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Willie of Montgomery: 1914

Willie of Montgomery: 1914

October 1914. Montgomery, Alabama. "Willie Cheatham, Western Union messenger #1. Says he is 16 now; been messenger for 6 years. Late Sunday night, October 4th, I talked with him, still on duty, until 10 P.M. 'You bet I know every crooked house in town. Went to school with one of those girls when she was straight. Her mother died and she went bad. Some young girls were there too. I go out to Red Light some with messages and packages, and if I want to, I bust right in and sit down.' Hard face." View full size. Photo by Lewis Wickes Hine.


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My husband bears an uncanny resemblance to Mr. Cheatham. So much so that when we showed his mother, she thought I Photoshopped his picture into this one. What's more, after reading more about him on Mr. Manning's fabulous website, we found that he passed away a year and a day after my husband was born. If it had been that much sooner, I'd really be spooked!

He looks so much older then

He looks so much older than 16. It's amazing how working hard, and living hard can age you so quickly.

Willie Cheatham

As part of my project to find descendants of child laborers photographed by Lewis Hine, I was able to contact Willie's oldest living direct descendant. I found some interesting information in my search, and you can see it at

Probably not a fake name.

It looks like in Ward 1 of Montgomery, Alabama, in the 1900 and 1920 censuses there's a Willie D. Cheathem, born c. 1897/98. (I couldn't find him in the 1910 census, but that could be from a transcription error in the index.) No matching entry in the Social Security Death Index so he may have never had an SSN, or may have died after 1920 but before the social security system was in place.

Fake name?

"Willie Cheatham" is way too much of a double entendre... reminds me of the "Car Talk" office located in the fake law firm of "Dewey, Cheatham, & Howe."

Mandi- That's a good,

Mandi- That's a good, plausible explanation for these type of pictures.

I wonder how kids seasoned later in life then when they learn almost everything early on.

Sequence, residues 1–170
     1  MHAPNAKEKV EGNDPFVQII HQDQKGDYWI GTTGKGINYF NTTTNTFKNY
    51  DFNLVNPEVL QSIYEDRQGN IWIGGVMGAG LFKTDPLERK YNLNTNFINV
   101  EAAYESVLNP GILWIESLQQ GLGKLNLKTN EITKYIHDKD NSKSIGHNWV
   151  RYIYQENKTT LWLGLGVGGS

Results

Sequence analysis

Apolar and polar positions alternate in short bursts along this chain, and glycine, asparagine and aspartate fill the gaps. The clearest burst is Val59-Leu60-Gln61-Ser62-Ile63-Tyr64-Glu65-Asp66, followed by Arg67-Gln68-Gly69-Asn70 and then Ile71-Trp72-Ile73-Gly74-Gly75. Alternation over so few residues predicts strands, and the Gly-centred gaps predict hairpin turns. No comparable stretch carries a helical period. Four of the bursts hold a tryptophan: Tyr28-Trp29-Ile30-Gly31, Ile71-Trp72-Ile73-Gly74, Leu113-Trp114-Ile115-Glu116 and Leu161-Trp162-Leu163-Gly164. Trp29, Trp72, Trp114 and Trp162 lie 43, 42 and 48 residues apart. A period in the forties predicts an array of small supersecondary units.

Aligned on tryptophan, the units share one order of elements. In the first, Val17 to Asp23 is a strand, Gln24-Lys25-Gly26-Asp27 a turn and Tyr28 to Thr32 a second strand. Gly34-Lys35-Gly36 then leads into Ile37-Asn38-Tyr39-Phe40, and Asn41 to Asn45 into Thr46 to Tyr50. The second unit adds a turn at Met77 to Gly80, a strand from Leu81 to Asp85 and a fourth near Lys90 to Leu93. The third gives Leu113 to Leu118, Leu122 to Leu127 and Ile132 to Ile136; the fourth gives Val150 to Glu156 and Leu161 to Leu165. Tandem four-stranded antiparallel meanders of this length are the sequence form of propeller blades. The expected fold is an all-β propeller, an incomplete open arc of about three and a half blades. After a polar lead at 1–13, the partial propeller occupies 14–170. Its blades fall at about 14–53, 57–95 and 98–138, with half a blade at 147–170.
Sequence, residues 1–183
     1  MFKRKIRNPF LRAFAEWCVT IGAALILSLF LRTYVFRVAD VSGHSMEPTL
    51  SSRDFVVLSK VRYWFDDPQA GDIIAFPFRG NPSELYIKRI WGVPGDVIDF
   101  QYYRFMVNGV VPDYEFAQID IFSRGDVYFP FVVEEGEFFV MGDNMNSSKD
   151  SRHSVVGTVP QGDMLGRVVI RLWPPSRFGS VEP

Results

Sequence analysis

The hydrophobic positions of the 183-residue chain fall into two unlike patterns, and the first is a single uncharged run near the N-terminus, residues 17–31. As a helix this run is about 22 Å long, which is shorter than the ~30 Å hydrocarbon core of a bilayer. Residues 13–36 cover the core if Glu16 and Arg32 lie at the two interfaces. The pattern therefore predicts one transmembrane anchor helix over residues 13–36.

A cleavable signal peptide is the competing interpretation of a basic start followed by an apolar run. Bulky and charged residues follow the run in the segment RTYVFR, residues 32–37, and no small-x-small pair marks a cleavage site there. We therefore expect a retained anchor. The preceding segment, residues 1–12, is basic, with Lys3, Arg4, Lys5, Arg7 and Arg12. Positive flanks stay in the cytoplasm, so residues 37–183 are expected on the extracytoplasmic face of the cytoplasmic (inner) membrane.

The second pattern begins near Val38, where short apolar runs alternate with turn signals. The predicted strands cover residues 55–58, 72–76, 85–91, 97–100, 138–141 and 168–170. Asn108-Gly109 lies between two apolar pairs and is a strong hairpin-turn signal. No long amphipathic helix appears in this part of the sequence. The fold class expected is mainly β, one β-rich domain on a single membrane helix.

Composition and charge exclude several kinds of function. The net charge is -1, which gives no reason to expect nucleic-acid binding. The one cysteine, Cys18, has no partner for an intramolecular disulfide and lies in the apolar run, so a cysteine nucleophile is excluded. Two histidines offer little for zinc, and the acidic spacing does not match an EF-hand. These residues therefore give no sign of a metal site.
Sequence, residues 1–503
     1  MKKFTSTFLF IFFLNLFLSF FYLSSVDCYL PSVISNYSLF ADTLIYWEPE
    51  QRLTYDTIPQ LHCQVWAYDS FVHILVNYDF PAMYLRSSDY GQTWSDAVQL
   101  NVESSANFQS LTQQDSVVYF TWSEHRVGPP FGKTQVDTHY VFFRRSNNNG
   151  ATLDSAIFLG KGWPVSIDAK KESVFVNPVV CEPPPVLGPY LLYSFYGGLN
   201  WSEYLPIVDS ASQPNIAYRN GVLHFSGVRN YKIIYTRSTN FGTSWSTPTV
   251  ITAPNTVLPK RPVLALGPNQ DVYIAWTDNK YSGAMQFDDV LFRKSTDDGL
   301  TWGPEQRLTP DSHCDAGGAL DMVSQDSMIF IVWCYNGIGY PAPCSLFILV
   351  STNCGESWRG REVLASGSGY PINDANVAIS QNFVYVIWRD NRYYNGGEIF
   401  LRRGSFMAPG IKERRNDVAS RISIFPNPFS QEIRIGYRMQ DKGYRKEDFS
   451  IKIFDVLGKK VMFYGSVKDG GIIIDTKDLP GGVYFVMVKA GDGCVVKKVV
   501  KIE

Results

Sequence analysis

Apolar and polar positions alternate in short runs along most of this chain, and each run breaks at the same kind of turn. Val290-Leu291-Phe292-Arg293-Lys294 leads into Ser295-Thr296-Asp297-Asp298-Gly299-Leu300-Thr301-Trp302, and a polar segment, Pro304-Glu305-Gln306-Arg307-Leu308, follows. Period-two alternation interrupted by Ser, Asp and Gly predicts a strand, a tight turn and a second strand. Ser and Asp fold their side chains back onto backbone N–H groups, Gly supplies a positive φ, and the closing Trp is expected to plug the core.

His left arm...

...doesn't match his right. I wonder if something was wrong with it. Poor kid...

Old timer once told me....

An old timer once told me that whence the meaning of "red light" as it relates to ladies of the evening began when a so-inclined woman put a red shaded light in her street-faced window ---- if the light was on, she was available, if off, she was either in service or not home in the moment ---- as birds of a feather flock together, so did the ladies, either by choice or by community ordinance ---- at the turn of the 20th century, some "higher-class" ladies only received gentleman company by appointment and the cutting edge of making an appointment was by telegram ---- so, as pointed out already, it was the messenger only doing his task at hand ---- I believe though that the term "red light district" applied to prostitution rather than gambling and speakeasies although there was certainly "intercourse" betwixt....

Red Light Districts

"Ghetto" has racial overtones that people probably didn't apply to a red light district, which was typically where the gambling and whorehouses, and, during Prohibition, speakeasies could be found.

Kids and Bad Houses

I frequently see messengers going in what was then called "Red Light District". I guess "ghetto" is what we now call them?

Why would a young kid deliver messages from a well-respected company to the dirty areas?

[Because that's his job. - Dave]

red light district

Yeah no kidding, I was thinking the same thing!

Red Light District

Did every kid that worked for Western Union go to the Red Light District? I think they all mentioned it

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